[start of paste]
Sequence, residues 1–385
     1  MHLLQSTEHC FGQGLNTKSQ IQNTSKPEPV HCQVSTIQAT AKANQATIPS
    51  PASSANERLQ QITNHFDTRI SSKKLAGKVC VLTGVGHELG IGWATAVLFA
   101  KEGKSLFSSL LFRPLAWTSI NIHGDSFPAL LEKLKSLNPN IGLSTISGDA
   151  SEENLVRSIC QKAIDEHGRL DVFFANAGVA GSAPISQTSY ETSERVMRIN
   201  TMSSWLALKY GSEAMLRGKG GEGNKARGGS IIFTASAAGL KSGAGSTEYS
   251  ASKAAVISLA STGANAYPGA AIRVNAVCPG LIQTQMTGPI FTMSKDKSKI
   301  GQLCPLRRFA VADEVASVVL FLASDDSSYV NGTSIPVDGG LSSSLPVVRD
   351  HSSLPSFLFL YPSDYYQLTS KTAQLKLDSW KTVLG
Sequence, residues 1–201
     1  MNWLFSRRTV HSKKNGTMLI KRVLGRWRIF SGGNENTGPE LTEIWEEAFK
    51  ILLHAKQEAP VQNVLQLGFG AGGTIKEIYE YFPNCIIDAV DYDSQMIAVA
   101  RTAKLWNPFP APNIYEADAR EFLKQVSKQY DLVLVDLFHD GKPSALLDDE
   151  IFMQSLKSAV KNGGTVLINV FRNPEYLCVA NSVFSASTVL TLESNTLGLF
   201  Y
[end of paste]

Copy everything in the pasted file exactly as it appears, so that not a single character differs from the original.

Sequence, residues 1–385
     1  MHLLQSTEHC FGQGLNTKSQ IQNTSKPEPV HCQVSTIQAT AKANQATIPS
    51  PASSANERLQ QITNHFDTRI SSKKLAGKVC VLTGVGHELG IGWATAVLFA
   101  KEGKSLFSSL LFRPLAWTSI NIHGDSFPAL LEKLKSLNPN IGLSTISGDA
   151  SEENLVRSIC QKAIDEHGRL DVFFANAGVA GSAPISQTSY ETSERVMRIN
   201  TMSSWLALKY GSEAMLRGKG GEGNKARGGS IIFTASAAGL KSGAGSTEYS
   251  ASKAAVISLA STGANAYPGA AIRVNAVCPG LIQTQMTGPI FTMSKDKSKI
   301  GQLCPLRRFA VADEVASVVL FLASDDSSYV NGTSIPVDGG LSSSLPVVRD
   351  HSSLPSFLFL YPSDYYQLTS KTAQLKLDSW KTVLG
Sequence, residues 1–201
     1  MNWLFSRRTV HSKKNGTMLI KRVLGRWRIF SGGNENTGPE LTEIWEEAFK
    51  ILLHAKQEAP VQNVLQLGFG AGGTIKEIYE YFPNCIIDAV DYDSQMIAVA
   101  RTAKLWNPFP APNIYEADAR EFLKQVSKQY DLVLVDLFHD GKPSALLDDE
   151  IFMQSLKSAV KNGGTVLINV FRNPEYLCVA NSVFSASTVL TLESNTLGLF
   201  Y